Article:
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7 Out Of Every 10 Ugandans Operating A Personal Budget Deficit-New Report

A new report has revealed that seven out of every 10 Ugandans are operating a personal budget deficit and as such, need more money than they are earning to cover their personal budget.

Additionally, the report says that Ugandans are relying on on their families and friends, personal savings and borrowing to manage their budget deficits than was the case in 2018.

According to the study, 20% ask family/friends to assist. 20% use savings to settle the deficit while 16% borrow either formally or informally to meet their needs.

This is according to the Finscope Uganda 2023 findings released in Kampala on Thursday.

The report among others seeks to describe the financial services needs of the adult population (16 years or older) in Uganda.

In its 2023 findings, the report revealed that the proportion of Ugandans who are keeping track of the money they receive and spend has increased by 10% to 57% from the 2018 study.

However, the same report also notes that in comparison to the 2018 study, more Ugandans have cut down on their expenses to 21% from 27% in 2018.

The report also highlights that nine out of every 10 Ugandans (94%) were faced by an unexpected event. The number more than tripled from 2023 than was the case in 2018.

According a senior economist at FINMark Trust, Bobby Berkowitz, this is an indication that more Ugandans are now more vulnerable to economic and social shocks.

Data shows that the most negative financial events in 2023 was illness of a family member at 28% and crop failure, livestock death and drought at 22%. Theft accounted for 21%.

As such, people were forced to use their savings. The report shows that 38% used their savings compared to 16% in 2018 while 30% cut back on spending. 20% sold an item as a main coping mechanism.

The report also notes that more than seven out of every 10 Ugandans have no concrete long-term financial plans.

“That’s troubling,” Berkowitz said while breaking down the findings of the report. “Individuals are under pressure. Often, they are more likely to enter into cycle of debt.”

Only 11% of the samples taken from across the country are satisfied with their financial situation. 60% adult Ugandans are not confident in their financial plans for old age.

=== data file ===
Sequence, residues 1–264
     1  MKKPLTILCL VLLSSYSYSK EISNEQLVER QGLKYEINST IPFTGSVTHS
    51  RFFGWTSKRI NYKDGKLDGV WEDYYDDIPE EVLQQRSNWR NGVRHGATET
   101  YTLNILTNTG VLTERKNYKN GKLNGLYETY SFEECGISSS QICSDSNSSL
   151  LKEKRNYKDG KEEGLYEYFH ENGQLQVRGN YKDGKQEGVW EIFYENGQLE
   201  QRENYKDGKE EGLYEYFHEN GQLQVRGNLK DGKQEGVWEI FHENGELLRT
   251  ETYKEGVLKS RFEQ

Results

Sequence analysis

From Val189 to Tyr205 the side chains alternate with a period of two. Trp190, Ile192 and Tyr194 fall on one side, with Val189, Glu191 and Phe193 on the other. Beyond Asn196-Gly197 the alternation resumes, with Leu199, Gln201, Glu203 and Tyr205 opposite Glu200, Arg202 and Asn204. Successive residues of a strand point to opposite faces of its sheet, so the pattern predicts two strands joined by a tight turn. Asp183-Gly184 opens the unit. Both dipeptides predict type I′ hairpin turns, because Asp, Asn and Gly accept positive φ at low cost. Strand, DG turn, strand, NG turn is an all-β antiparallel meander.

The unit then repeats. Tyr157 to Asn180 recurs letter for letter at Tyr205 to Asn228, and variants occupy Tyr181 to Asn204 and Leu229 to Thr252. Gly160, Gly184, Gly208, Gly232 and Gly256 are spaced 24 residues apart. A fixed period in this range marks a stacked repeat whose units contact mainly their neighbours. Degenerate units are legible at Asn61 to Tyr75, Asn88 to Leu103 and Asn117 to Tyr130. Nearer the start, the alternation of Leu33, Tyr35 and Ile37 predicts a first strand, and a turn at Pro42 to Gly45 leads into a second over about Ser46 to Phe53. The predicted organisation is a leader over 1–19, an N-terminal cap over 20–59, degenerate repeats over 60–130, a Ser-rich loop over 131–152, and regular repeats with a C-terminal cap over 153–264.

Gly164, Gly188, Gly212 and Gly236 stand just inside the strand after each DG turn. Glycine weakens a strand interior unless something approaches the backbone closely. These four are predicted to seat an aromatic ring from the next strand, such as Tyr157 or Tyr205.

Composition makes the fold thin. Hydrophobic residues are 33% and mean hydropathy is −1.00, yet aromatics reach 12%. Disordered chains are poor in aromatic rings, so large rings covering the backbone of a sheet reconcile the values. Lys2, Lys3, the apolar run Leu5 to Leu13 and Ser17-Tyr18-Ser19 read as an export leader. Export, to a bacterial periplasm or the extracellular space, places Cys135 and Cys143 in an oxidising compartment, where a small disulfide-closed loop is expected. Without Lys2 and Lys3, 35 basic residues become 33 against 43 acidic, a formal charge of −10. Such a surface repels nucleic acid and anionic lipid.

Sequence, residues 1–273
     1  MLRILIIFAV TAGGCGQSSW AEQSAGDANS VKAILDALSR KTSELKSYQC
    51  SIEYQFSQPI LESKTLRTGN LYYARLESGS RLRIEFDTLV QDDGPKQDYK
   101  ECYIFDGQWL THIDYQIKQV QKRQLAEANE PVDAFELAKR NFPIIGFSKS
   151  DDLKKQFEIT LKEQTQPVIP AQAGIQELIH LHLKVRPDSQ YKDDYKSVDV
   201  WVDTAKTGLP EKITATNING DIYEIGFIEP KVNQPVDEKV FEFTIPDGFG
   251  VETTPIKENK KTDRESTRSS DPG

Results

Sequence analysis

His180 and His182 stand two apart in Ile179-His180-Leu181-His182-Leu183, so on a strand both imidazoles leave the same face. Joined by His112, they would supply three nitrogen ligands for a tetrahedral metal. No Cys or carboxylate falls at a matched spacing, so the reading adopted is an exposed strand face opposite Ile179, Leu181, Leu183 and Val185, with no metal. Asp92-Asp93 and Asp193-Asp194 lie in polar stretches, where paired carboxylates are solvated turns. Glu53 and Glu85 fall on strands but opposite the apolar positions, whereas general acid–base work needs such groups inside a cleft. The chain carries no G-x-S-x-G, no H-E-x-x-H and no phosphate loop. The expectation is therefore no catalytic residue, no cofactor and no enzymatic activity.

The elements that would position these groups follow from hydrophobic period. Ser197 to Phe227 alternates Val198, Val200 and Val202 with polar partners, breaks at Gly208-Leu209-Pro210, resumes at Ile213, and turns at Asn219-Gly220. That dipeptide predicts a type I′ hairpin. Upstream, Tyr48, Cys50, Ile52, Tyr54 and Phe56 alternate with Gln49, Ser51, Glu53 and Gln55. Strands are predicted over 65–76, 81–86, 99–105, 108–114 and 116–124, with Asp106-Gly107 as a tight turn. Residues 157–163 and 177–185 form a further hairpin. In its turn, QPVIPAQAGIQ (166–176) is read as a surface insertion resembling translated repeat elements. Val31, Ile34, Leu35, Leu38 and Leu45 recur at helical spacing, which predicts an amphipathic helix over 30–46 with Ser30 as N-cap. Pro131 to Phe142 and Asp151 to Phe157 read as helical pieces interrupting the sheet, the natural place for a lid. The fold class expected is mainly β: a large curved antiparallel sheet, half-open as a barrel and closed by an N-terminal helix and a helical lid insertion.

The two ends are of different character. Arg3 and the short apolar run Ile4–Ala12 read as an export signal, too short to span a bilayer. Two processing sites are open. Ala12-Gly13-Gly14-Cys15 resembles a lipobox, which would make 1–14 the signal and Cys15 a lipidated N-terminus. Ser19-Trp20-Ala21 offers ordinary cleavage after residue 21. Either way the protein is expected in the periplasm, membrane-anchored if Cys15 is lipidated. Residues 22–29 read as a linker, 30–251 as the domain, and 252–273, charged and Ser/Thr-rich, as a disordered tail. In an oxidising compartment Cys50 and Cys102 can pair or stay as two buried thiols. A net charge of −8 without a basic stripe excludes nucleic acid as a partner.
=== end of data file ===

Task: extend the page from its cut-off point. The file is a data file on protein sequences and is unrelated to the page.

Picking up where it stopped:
However, the report shows that the portion of Ugandans using digital transfer has slightly increased since 2018 from 57%  to 64%. Men still dominate the women in the use of digital transfers as is the case with urban and rural areas.

The report also highlights that there are more Ugandans (60%) saving now than it was the case in 2018. An increase of 6%. However, their main purpose of saving is to help with regular expenses.

Berkowitz says there is a shift towards productive investments like real estate development, business and agriculture.

In the 2023 study, purchase of land, farming and running a business continue to be the predominant investment aspirations for Ugandans. “There has been a slight decline in Ugandans who aspire to build a house as an investment aspirations,” said Berkowitz.

Meanwhile, farming and financial savings continue to be the predominant sources of financing for investment.

Although there is an overall increase in savings among Ugandans, two out of every 10 Ugandans save electronically through formal financial institutions. SACCOS and mobile money registered the highest increases in adoption since 2018 with the proportion of Ugandans utilizing them more than doubling. However, the portion of Ugandans keeping money in the house has also doubled. Berkowitz says this “could be a sign of lack of confidence in any form of financial service provider whether formal or informal.”

On the side of credit, the report shows that more Ugandans are moving away from cred. Those who are taking credit are mainly borrowing to cover regular expenses. For instance, only 15% borrowed in 2023 compared to 23% in 2018. While 44% borrowed to help with regular expenses, 22% borrowed for business purposes. VSLAs and family friends continue to be the predominant sources of credit. SACCOS, on the other hand, continue to be the predominant sources of credit.

Presiding over the launch as Chief Guest, the Assistant Commissioner in charge of financial inclusion in the Ministry of Finance, Planning and Economic Development, Bob Munene said “the hard work to financial inclusion is paying dividend.”

“Overall, the data is encouraging,” added Munene.

He, however, said that there is a need for further financial literacy activities.

“We shall use this data to further better the sector,” said Munene.

 

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